Ithwark (what happened to the Sunday self-portrait)

The Sunday self-portrait did not happen. Firstly, I forgot about it. When I remembered late afternoon and sat before my sleeping computer screen to draw, I couldn't see much of anything. Some dim face. The late sun coming in the window didn't help; nor did a small reading lamp fixed on the mug. So I went with indistinct. Using mostly a brush and ink, I fashioned a face whose first lines were based on what I could see of mine. But then I stopped looking at the image in the turned-off screen and the brush painting went off somewhere else. I rubbed the ink around with water sometimes and used a dip pen for a bit before deciding less is more and photographed it balanced on a chair in the remaining dying sun.

It's been finished digitally for this blog post - some zoom, a little smudging, a bit of old photo, and so on. I may keep working on the original and show that later on too.

Then I went scouring for some writing and found some of the crazy text I'm working on. But it needed an appropriate font (something you could never use in a business letter, for instance). I went searching for some free add-on fonts to get this particular one. It's called Slabtag. I like it with the drawing and the writing (which is meant to be hard to impossible to read).

I'm calling it Ithwark. A made-up word, the kind that come when you are busy and try to make mental note of so you don't forget but of course you forget though you made a little mind puzzle for the phrase and through that puzzle you find the words that beckoned. What writers go through. The norm. Words and phrases swim to our surfaces or are dropped by passing angels and we are expected to remember until we can jot them down. Since they are like dreams which tend to disappear easily, it's not easy to do this. So we have to use other mental tricks to enable recall. At least, I do. It's mental mental acrobatics. Don't ask.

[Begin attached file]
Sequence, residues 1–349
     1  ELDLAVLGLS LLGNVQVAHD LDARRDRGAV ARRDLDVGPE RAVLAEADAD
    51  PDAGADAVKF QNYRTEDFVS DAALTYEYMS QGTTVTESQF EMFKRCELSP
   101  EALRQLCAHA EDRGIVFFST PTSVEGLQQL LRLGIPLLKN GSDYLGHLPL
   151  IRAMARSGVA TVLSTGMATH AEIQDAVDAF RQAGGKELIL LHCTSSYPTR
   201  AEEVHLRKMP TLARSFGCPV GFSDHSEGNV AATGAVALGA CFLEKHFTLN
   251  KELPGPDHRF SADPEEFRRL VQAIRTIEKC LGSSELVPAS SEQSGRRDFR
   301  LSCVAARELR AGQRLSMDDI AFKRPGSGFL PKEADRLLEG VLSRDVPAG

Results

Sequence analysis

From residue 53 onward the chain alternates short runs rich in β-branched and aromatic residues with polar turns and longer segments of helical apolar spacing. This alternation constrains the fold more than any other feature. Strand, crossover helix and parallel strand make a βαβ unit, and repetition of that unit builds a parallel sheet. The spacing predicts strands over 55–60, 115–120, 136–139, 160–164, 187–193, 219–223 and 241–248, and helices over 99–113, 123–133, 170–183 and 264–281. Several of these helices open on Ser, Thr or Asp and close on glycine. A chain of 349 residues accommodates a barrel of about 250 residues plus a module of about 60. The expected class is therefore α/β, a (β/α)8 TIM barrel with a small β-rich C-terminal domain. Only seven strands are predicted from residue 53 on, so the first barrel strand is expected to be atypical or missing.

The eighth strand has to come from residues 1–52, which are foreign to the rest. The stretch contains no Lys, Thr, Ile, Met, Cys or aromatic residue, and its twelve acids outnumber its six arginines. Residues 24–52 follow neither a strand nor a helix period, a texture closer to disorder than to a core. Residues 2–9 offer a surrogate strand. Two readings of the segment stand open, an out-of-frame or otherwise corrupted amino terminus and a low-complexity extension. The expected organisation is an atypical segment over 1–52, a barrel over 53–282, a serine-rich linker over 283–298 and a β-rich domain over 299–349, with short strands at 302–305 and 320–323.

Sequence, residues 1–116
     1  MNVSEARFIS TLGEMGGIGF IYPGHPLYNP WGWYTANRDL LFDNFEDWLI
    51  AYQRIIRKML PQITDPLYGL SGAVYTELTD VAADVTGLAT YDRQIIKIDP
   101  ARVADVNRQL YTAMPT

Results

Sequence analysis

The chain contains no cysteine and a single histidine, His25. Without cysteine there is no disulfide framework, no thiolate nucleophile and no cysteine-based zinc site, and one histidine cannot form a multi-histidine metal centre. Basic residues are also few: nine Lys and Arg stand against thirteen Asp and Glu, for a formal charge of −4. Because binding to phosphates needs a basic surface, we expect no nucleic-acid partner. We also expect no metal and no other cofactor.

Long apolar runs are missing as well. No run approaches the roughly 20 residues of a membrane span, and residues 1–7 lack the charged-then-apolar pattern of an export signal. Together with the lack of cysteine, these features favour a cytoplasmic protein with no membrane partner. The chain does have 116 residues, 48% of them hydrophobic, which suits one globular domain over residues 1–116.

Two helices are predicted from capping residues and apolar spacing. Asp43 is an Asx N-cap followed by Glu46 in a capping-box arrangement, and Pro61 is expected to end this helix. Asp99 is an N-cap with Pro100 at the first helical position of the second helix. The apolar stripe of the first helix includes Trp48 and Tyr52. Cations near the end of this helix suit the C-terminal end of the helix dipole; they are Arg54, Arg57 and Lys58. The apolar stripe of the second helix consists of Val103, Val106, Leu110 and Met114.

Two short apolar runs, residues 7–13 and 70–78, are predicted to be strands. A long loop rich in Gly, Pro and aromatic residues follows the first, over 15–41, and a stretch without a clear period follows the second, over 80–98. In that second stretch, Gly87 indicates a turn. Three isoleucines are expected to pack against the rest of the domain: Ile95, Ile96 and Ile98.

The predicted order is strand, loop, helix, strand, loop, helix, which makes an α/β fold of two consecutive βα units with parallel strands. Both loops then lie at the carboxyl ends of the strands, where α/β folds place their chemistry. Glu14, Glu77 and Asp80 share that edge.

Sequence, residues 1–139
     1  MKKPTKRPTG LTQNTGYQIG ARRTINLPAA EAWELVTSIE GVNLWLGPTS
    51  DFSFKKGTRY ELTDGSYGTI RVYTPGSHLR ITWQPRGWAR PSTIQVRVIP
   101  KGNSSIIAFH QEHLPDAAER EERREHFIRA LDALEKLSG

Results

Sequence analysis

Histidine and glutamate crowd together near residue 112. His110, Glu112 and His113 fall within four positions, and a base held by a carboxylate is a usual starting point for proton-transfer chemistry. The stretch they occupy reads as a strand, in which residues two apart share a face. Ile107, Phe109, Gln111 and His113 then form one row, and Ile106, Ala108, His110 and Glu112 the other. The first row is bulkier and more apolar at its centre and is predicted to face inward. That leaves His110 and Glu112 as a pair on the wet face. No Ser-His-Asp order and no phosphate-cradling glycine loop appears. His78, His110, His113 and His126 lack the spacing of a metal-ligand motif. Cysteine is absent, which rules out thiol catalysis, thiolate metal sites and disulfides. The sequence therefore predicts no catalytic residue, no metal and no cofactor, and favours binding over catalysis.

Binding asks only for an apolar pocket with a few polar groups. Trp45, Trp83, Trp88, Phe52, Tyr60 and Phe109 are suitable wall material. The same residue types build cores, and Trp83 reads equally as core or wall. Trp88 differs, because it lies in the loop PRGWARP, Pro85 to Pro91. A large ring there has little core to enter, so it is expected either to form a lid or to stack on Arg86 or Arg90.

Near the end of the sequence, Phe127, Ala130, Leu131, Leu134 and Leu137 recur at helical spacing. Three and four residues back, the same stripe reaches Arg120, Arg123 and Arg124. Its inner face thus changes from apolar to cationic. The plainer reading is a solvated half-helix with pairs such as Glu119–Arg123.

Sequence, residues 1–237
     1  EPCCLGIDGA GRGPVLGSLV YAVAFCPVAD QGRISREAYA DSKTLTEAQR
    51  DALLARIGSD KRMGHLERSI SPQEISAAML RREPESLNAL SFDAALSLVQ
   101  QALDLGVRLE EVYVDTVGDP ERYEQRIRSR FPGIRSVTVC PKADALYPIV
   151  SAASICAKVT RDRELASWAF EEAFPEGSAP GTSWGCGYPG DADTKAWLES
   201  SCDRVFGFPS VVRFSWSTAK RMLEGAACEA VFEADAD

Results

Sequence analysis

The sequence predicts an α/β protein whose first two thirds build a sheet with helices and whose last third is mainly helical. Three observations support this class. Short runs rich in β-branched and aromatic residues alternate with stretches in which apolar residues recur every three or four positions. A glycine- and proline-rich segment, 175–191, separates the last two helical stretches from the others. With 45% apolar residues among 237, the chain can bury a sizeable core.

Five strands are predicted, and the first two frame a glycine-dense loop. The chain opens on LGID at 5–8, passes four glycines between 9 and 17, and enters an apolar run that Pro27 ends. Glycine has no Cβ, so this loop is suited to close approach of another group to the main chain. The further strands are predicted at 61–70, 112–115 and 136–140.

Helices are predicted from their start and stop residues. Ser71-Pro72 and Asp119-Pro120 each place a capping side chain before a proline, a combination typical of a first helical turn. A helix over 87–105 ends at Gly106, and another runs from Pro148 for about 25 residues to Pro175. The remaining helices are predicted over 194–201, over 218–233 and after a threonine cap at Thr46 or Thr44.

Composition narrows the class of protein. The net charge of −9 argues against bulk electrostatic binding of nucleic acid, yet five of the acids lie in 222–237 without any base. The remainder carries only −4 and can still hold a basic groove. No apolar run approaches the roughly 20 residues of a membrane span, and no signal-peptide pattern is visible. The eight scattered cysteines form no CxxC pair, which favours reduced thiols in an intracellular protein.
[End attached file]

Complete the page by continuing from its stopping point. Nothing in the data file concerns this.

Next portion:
Anyway, once you write them down the ones behind them come too - like the tail of a kite. Or the rest of the thread on the spool. Or a pool of word genes who are all connected in DNA links.

Ithwark,  ©Brenda Clews, 2014. 15" x 12", Noodler's black ink, Arches watercolour block, 100% cotton, 140lbs.

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